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Sunday Independent


The wildebeest is king of the Masai Mara

At this time of year Kenya's great plain is packed with animals – and they put on a real-life horror show. If I were a lion I'd be worried. At least a dozen Maasai warriors in battledress are bearing down on us, armed with sticks.

If I were a lion I'd be worried. At least a dozen Maasai warriors in battledress are bearing down on us, armed with sticks.

The noise they make is scarcely human – deep guttural grunts and throaty humming punctuated by high-pitched yelps. The jungle is moving towards us – an African Birnam Wood. The warriors are draped in bright colours – mainly blood red. But more than one is wearing fierce pink. Real men wear fuchsia.


There is no time to dwell on the fashion details as we are swept into the swirling, bobbing welcoming party at Ngerende, a safari lodge in the northern Mara. I have mixed feelings about the human zoo side of such spectacles, but keep my caveats to myself as the men do their thing with evident enthusiasm. Who am I to spoil their party?

We are in the Maasai heartland. The lodge is in an area defined as a "conservancy" bordering the national park from which the tribes were displaced, some would say dispossessed. The Maasai are not permitted to live in the park or graze their domestic animals within it, but here they cohabit with the wildlife and are encouraged to live and let lions live. That's not always easy when the big cats help themselves to cattle. The angry herdsmen tend to exact swift revenge, but they are being given incentives to be more tolerant. Every safari tourist in the conservancy pays a tax that goes into local coffers to be disbursed as the community decides. Call it the Lion Economy.

Ngerende Island Lodge is not actually located on an island but on a deep kink in the Mara River that is in the process of becoming an oxbow lake. It is Kenyan owned and run and makes a point of "empowering", as they put it, local communities – recruiting 70 per cent of staff from the Maasai. It has just seven rooms, all of them part-bungalow, part-tent, perched on the steep banks of the river. Mine is open to a full-length terrace during the day and made cosy and less inviting to insects and other unthinkables in the evening when canvas flaps are rollered down. The look is cool and contemporary without crossing into design fetishism.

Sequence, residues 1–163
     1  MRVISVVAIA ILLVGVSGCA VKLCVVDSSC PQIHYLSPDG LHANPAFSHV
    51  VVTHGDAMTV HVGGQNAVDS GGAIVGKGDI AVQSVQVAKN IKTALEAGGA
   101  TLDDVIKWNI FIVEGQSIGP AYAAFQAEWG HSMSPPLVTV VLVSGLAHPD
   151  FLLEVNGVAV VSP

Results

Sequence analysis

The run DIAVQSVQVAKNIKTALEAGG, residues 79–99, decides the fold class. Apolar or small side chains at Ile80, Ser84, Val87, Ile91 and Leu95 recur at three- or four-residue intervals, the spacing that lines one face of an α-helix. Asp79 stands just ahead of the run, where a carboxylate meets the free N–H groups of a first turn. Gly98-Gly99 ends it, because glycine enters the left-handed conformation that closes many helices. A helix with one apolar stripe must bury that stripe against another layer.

Mercifully, there's no Wi-Fi, no iPod dock, no DVD or TV; the accommodation has its own open-air bath, brick fireplace, butler service and private hippo – who announces his presence in the opaque water below with a visceral harrumph as I am unpacking.

At this time of the year, the conservancy is packed with large animals. The famous wildebeest migration of the Mara-Serengeti ecosystem brings herds north from Tanzania in search of fresh grass and with them comes a travelling circus of fauna; some migrating peacefully alongside, others, higher up the food chain, here for the predator's equivalent of Christmas.

Almost as soon as we leave the compound on a game drive we are mobbed. The extraordinary range of life forms is bewitching: giraffes sway elegantly, propping tiny heads on their freak-show bodies; impala; Thomson and Grant gazelle show off their go-faster lines and corkscrew headgear; eland (the largest antelope) blink in the morning sun; and hundreds of zebras give the impression that Bridget Riley has waltzed through the savannah with a giant paint brush.


In such company, wildebeest are the comedy animals of the great African plains. They look a mess. When in herds, it's hard to tell where one mangy animal ends and another begins. When you do catch them alone they look like cow-sized rugs in the process of unravelling. They make a grunting chorus of honks, ohs, oohs and aahs – some interrogative, others assenting, some snoring. Like a gentlemen's club after a well-lubricated dinner. You can't take them seriously. Their main function is to be the larder. Where there are wildebeest, there be lions.

The radio in the Land Cruiser crackles and our dreamy progress takes an urgent turn. Stephen, the driver and guide, revs the engine, churning up the wet Black Cotton (the name given to the dark mud here). We are in pursuit of cats. We find them where three other safari vehicles have stopped. The conservancy is considerably less crowded with tourists than the national park. Here, at least, the cats have a chance to behave as nature intended.